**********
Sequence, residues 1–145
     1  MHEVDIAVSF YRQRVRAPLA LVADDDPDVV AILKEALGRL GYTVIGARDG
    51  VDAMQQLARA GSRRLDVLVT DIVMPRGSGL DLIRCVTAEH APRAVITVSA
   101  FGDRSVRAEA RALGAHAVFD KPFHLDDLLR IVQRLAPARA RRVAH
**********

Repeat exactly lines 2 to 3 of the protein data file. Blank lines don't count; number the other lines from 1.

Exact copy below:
     1  MHEVDIAVSF YRQRVRAPLA LVADDDPDVV AILKEALGRL GYTVIGARDG
    51  VDAMQQLARA GSRRLDVLVT DIVMPRGSGL DLIRCVTAEH APRAVITVSA